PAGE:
It’s that time of year for Sunday drives. If you’re headed west, here’s a place to stop for dinner on the way home.
The Old Barn Inn is a part of the Inns of St. Albans. It’s an event venue as well as an extremely upscale bed and breakfast. Part of it used to be Malmaison, the French restaurant. And they only do one meal a week that’s open to the public, on Sunday evenings.
The community of St. Albans has lots of ties to names out of St. Louis history, including Theodore Link, the architect who designed St. Louis’ Union Station, and the Oscar Johnson family of International Shoe. The names of various family members of Johnson can be found all over what once was simply called Barnes Hospital, with names like the Rand-Johnson Building and the Irene Walter Johnson Rehabilitation Building. Link built one of the buildings that’s part of the Inns, in fact, and established it as a sort of vacation community for (presumably well-off) artists.
There’s a lovely terrace with two fireplaces as one enters. The old timbered room that was my primary memory of Malmaison, is still there, no longer reeking constantly of wood smoke, but it, too, has a fireplace. It’s the site of the bar and the buffet line that’s holding the Sunday meal; a couple of tables sit near the fireplace.
Things are very simple; several wines are offered by the glass, listed only by variety. I asked about the Norton, and was told it was “house wine”. The label does indeed show the Old Barn Inn logo, but it comes from St. James Winery, a good source, and the wine, while still young, was rewarding, especially at $6 a glass, the price for each of the offerings.
The buffet kicks off with four cold salads, a tasty mayonnaise potato salad, slaw that isn’t cliched – I’m thinking there are some peeled broccoli stems that have been julienned in there – cucumbers with dill and vinegar, and a pasta salad. Frankly, I’m way not a pasta salad fan. The ones put out on too many buffet spreads are monotonous and unexciting. Not this guy. The creamy dressing was faintly pink, and slightly textured, as though it had been thickened a little with potato. It was difficult to identify specific seasonings, although I think I got a bit of roasted sweet pepper in there, but overall, it was good enough that I got seconds, a rare thing.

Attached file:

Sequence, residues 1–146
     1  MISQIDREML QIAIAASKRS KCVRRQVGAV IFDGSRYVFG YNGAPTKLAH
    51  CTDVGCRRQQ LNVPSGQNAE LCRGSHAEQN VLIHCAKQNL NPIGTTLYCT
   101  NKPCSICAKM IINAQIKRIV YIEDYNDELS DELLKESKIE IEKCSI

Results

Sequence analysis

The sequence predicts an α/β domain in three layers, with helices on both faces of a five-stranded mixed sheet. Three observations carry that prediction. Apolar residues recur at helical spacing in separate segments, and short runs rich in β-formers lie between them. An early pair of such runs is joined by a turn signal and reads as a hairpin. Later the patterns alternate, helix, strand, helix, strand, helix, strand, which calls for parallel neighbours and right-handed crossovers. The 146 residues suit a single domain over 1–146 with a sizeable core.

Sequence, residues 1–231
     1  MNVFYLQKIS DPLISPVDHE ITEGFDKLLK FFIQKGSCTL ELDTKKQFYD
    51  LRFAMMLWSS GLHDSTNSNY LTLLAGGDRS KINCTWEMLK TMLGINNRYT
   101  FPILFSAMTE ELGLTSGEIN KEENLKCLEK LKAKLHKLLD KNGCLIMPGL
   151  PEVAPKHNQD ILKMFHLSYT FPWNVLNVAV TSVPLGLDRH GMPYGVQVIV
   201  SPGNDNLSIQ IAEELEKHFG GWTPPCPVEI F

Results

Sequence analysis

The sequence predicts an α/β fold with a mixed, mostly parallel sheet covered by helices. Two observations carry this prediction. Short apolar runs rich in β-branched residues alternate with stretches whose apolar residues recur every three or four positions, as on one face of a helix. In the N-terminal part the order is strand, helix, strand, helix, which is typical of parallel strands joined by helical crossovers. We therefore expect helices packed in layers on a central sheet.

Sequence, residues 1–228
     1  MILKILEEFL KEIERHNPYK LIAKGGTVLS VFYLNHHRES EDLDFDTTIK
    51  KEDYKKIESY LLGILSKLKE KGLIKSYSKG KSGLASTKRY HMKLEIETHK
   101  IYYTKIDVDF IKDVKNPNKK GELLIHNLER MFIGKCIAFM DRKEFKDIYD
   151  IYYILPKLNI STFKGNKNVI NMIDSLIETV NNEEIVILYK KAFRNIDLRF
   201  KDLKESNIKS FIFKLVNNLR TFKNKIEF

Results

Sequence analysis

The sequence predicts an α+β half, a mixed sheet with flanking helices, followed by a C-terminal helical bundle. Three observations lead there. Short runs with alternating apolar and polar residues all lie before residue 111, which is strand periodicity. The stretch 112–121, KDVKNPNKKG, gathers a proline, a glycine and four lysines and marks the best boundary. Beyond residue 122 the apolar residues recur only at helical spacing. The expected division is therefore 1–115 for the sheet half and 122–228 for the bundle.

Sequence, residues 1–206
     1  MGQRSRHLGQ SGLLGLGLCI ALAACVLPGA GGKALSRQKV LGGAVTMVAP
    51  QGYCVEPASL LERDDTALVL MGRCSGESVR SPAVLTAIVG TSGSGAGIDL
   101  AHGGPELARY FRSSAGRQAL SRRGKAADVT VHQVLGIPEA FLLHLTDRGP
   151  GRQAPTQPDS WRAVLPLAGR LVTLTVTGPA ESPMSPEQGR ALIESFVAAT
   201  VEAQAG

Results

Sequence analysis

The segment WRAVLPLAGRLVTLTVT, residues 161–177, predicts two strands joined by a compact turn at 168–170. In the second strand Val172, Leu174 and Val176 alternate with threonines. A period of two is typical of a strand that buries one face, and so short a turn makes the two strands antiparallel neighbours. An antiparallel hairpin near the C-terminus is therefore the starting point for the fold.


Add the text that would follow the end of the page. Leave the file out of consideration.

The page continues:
The headliner at the buffet is the fried chicken. It’s a crackling batter, probably containing beer, and it’s well-seasoned. The buffet line is frequently replenished, so things are crackly-fresh when it comes to the chicken. Slices of meatloaf are juicy and tender enough that they need to be removed from the chafing dishes with some care.
The classic side dish with both those entrees is mashed potatoes, and these are real potatoes, not those infernal instants, which still plague society, and very good of their style. Green beans were labeled “country style”. I would have expected bits of bacon or ham with them, given that description. The small beans, almost the size of haricots verts, were cooked to tenderness, and there may have been a ham bone in their past but what came with them were bits of diced carrots for color. Okay, but not remarkable. I passed on the “vegetable medley”. I’d rather have a Cole Porter medley, thanks.
And then – before the dessert – there was a pan of milk gravy, followed by a chafing dish of biscuits. White gravy was the standard in the household I grew up in, poured over the fried chicken and/or mashed potatoes. I didn’t understand it then and I don’t understand it now; other people can better judge this than I. But the biscuits were great, and it was real butter, not margarine, available. (Strangely, a request for jam or jelly brought the news that there was none to be had, rather surprising for a place that offers continental breakfasts to folks staying there.)
Dessert was apple crisp, very mom-like, the topping chewy here, softer there.
All this for $20 a head. Not sophisticated food, certainly, but worthwhile, especially in interesting surroundings, as the building, grounds and community are. The locals make for good people-watching, too.
There’s no information on Sunday dinner on the website, but the pictures are nice. I’d suggest calling for a reservation.
The Inns at St. Albans
3519 St. Albans Rd., St. Albans
Credit cards: Yes